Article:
Wednesday, June 24, 2009

Are you gay? No, just practising for when the time comes to be straight [and other things that may surprise you about homosexuality in humans]

SHOOT: So you reckon homosexuality is 'unnatural'. Okay.

TIME: Very regularly: roughly half of male dolphin sex occurs with other males. Among insects, same-sex sexual behavior is usually a case of mistaken identity. Male fruit flies, for instance, may romance other males because they lack a gene that enables them to distinguish between sexes.

Most animals that engage in same-gender sex acts do so only when an opposite-sex partner is unavailable.

Younger animals (particularly males, and including humans) sometimes engage in same-sex sexual behavior as practice, which may improve their reproductive success when they are ready for a heterosexual relationship later.

SHOOT: And here's a question:

Will "the liberation of homosexuals, which allows them to come out of the closet and not pretend to be straight" actually turn out to "contribute to the end of homosexuality?" We may not know for a thousand years, but it's a great question.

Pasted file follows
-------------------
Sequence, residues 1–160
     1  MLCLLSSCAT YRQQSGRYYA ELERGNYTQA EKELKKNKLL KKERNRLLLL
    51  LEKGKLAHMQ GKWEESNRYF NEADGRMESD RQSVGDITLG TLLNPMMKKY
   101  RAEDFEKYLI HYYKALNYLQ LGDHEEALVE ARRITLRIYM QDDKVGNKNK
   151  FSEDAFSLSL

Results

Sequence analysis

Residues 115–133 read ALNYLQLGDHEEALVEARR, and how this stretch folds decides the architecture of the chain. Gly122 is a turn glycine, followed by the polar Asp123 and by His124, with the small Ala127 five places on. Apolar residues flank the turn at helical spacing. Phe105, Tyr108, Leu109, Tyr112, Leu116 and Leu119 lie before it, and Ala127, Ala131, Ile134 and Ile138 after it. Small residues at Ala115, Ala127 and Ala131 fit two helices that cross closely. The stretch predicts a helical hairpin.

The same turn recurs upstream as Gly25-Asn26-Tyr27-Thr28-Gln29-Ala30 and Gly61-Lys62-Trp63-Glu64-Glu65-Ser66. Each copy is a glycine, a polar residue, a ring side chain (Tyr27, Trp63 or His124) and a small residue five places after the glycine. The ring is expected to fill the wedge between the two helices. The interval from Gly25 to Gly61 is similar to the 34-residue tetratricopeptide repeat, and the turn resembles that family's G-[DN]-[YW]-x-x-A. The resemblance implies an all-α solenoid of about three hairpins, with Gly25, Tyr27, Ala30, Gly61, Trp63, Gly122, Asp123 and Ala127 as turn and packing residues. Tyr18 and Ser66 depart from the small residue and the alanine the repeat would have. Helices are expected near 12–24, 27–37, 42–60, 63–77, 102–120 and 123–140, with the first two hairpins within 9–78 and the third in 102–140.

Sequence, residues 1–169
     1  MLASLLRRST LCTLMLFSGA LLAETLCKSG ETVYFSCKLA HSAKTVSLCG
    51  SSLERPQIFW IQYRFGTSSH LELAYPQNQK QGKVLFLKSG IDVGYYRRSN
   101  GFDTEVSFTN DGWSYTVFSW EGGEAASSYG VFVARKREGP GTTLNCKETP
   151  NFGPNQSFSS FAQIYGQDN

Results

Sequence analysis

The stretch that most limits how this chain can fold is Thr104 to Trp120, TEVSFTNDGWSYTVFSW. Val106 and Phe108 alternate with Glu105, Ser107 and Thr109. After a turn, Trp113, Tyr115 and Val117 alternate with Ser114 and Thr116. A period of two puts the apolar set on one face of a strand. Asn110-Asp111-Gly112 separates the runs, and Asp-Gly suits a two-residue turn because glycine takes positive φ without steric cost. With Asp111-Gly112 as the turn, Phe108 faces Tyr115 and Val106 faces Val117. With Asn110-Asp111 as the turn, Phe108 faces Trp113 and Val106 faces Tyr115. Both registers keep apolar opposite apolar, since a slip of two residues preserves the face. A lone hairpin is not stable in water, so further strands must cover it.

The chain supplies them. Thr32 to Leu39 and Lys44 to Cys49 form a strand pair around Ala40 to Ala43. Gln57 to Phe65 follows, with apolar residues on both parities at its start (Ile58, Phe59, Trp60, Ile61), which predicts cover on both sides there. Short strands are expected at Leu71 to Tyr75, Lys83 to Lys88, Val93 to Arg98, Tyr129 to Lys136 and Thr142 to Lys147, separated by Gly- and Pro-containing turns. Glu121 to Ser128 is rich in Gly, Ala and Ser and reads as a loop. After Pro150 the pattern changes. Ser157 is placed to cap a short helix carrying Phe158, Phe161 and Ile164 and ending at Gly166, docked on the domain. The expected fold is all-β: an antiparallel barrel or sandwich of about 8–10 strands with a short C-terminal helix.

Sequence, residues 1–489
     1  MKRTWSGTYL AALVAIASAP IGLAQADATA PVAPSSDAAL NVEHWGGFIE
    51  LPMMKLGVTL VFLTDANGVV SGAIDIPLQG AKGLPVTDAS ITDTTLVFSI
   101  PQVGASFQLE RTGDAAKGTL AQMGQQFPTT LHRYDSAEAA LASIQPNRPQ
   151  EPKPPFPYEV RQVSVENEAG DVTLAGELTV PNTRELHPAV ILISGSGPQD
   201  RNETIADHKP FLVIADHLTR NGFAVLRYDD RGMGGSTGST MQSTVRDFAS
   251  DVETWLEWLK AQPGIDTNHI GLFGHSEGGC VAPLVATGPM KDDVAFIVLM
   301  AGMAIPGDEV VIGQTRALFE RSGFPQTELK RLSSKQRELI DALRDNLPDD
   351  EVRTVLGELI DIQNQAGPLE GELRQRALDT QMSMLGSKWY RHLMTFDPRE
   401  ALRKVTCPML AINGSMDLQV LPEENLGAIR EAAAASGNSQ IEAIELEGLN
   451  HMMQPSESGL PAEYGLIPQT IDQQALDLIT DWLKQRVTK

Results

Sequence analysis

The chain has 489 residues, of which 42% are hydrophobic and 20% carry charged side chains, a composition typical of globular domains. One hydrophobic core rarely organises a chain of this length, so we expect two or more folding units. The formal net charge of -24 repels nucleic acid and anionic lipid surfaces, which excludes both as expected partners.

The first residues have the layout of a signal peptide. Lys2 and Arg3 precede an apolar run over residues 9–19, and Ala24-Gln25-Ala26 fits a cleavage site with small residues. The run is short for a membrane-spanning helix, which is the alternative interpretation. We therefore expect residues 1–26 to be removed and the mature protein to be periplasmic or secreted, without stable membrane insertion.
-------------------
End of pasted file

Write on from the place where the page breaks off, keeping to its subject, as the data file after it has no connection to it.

clipped from
Bighorn Sheep

We have known for at least a decade that hundreds of animal species — including birds, reptiles, mollusks and, of course, humans — engage in same-gender sexual acts. But no one is quite sure why. After all, same-sex couplings don't usually result in offspring. (I say usually because when male marine snails pair with other males, one partner conveniently changes sex, allowing for reproduction.) Evolutionarily speaking, homosexuality should have disappeared long ago.

One particularly charged finding is that in most species besides humans, same-gender pairings rarely lead to lifelong relationships. In other words, when one attractive bonobo male eyes another in a lovely patch of Congo swamp forest, they occasionally kiss and then move on to other oral pleasures, but they don't bother anyone afterward about trying to legalize their right to an open-banana-bar ceremony. In fact, they are likely to move on to girl bonobos
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